BTW, I use DME for priming. Been using it for quite a while, and have had fantastic results each time.

But, the true most important thing that hasn't been mentioned is this: GIVE IT TWO WEEKS. It's hard to be patient, but if you crack one before hand I guarantee you'll be on this forum asking if you screwed up because it's not carbonated. It generally takes 10 days or more to carbonate, and then the longer you let it sit, the better it will taste.
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Old 06-20-2006, 02:55 PM   #7
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Quote:
Originally Posted by Cheesefood
But, the true most important thing that hasn't been mentioned is this: GIVE IT TWO WEEKS. It's hard to be patient, but if you crack one before hand I guarantee you'll be on this forum asking if you screwed up because it's not carbonated. It generally takes 10 days or more to carbonate, and then the longer you let it sit, the better it will taste.
Cheese, are you talking about me?

I *had* to take a sample after six days. I'm trying to get my brother into this hobby with me, and I was heading down to his place the next day; if I knew I could bring a tasty sample along, I'm greatly increase my chances of getting a partner in crime.
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Old 06-20-2006, 02:56 PM   #8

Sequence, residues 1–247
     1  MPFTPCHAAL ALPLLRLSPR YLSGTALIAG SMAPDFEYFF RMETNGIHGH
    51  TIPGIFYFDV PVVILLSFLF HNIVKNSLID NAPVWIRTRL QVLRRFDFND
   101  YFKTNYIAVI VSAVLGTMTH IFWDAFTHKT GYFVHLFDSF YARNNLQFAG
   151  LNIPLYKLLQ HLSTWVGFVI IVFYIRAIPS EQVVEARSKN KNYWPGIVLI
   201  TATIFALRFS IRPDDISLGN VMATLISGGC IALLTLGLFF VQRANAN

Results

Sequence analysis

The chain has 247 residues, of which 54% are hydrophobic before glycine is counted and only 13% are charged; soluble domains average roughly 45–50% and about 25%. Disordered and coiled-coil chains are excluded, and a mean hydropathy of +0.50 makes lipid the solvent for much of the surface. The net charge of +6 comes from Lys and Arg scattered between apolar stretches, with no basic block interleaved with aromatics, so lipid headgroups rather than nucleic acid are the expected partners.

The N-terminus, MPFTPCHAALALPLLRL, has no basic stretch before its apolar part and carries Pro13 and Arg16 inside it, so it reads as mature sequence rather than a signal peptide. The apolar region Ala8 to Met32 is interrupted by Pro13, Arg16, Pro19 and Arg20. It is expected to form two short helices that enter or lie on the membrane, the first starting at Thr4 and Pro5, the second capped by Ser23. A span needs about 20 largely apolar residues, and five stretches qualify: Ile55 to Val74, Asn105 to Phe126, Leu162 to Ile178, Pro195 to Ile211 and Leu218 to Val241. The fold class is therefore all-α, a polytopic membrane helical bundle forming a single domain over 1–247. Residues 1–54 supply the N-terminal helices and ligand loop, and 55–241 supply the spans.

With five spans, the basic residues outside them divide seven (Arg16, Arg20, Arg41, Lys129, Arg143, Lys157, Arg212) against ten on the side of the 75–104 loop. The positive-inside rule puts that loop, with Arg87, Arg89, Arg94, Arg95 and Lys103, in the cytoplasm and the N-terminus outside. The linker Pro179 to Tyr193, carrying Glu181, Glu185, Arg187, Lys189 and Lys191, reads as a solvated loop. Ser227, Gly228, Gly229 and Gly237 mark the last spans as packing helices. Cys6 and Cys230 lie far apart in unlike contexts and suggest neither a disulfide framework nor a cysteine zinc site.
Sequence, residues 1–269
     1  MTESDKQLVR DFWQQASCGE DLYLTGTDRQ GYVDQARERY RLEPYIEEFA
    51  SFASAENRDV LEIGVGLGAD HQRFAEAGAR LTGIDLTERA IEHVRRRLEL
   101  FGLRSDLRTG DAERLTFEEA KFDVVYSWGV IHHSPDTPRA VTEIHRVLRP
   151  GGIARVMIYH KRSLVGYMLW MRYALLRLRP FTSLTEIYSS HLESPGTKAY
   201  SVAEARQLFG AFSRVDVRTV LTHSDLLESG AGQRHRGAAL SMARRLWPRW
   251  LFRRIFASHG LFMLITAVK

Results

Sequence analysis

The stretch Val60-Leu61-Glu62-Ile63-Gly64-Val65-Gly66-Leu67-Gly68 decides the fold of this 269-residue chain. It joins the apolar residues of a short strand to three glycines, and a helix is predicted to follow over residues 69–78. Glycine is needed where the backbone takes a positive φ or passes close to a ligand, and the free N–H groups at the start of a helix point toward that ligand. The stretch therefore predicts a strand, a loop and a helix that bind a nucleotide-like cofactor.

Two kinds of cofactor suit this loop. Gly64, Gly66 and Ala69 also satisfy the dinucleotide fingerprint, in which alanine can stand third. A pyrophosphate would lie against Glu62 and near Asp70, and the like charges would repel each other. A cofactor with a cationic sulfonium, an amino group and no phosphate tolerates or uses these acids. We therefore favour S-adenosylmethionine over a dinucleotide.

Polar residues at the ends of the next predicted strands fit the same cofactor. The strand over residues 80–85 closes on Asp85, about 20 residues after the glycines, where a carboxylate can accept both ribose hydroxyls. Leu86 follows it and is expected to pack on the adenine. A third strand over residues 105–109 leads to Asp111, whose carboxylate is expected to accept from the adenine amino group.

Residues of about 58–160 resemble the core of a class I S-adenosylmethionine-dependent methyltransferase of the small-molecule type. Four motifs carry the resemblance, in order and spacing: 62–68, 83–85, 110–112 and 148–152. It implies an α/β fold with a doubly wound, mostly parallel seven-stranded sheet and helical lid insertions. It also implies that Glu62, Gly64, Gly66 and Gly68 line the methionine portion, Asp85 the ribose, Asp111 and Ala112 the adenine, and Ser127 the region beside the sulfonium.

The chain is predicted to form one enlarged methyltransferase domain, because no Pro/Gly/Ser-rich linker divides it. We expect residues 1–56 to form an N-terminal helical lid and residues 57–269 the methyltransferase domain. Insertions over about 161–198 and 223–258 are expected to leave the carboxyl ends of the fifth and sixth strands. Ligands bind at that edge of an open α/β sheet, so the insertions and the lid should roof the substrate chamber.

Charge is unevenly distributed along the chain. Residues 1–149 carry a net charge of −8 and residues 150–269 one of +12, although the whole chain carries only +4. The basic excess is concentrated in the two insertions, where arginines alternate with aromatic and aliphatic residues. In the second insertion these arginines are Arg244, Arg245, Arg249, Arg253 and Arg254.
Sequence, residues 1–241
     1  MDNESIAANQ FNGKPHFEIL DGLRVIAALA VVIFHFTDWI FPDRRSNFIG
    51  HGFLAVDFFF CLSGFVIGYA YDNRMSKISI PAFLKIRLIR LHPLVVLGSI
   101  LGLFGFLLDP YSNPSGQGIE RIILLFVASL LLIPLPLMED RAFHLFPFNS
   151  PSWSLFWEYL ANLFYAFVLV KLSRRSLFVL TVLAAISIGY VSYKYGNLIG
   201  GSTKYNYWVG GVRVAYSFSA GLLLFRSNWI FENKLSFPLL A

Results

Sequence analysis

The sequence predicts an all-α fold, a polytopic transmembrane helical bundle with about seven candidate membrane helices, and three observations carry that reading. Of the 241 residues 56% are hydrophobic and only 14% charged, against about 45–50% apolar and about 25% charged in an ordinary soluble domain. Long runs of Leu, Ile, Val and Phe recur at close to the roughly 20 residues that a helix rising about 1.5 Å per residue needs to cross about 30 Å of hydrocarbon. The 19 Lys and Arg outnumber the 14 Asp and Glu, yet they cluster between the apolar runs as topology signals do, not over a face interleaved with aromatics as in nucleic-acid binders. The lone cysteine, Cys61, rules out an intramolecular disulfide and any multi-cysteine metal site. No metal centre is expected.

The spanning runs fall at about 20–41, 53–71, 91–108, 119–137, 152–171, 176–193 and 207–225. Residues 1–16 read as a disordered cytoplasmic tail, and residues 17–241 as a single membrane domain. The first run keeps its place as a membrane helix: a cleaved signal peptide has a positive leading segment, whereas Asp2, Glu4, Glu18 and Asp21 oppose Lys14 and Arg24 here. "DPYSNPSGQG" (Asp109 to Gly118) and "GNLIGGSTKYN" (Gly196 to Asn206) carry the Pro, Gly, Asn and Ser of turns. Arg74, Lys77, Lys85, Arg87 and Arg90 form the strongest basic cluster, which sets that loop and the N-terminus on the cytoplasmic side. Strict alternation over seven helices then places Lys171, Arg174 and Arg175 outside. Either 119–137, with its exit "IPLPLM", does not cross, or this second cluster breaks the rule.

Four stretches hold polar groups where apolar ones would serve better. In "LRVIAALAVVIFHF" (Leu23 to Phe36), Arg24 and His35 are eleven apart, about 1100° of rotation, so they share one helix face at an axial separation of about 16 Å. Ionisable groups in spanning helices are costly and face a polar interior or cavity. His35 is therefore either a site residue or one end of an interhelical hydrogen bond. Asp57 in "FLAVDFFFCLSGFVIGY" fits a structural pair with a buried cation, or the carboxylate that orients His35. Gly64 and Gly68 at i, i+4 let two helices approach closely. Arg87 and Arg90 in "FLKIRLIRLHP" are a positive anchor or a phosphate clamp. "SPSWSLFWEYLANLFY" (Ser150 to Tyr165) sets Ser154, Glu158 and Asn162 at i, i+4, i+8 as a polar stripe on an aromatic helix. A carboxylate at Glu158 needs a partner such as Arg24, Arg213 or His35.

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That book is a great resource.

A quick question to add here, has anyone had any ill effects from bottling straight from the secondary? Is it even reccomended or does mixing the priming suger in undo all the settling done in the secondary?

Reason I ask is I dont have a bottling bucket and wondering if i should run out and pick up a plain ol bucket before I bottle.

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Old 06-20-2006, 03:07 PM   #9
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Quote:
Originally Posted by the_bird
Cheese, are you talking about me?

I *had* to take a sample after six days. I'm trying to get my brother into this hobby with me, and I was heading down to his place the next day; if I knew I could bring a tasty sample along, I'm greatly increase my chances of getting a partner in crime.
In my experience, a corn-sugar-primed beer can be tasted with positive results after a week. It may not be fully carbonated, but it will be sufficiently carbed to have a head and not taste yucky sweet. It will be better after longer, of course.

Two weeks is a good minimum for a DME-carbed beer. Although I just tasted my DME carbed wit after about 11 days last night and it was quite close to being fully carbonated.
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Old 06-20-2006, 03:48 PM   #10
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Quote:
Originally Posted by artfldodger
That book is a great resource.

A quick question to add here, has anyone had any ill effects from bottling straight from the secondary? Is it even reccomended or does mixing the priming suger in undo all the settling done in the secondary?

Reason I ask is I dont have a bottling bucket and wondering if i should run out and pick up a plain ol bucket before I bottle.
It’s definitely less than ideal. You stir up the stuff you’ve been letting settle for weeks and you may not get the priming sugar (or DME) mixed in thoroughly. I did this once and some bottles did not carbonate completely.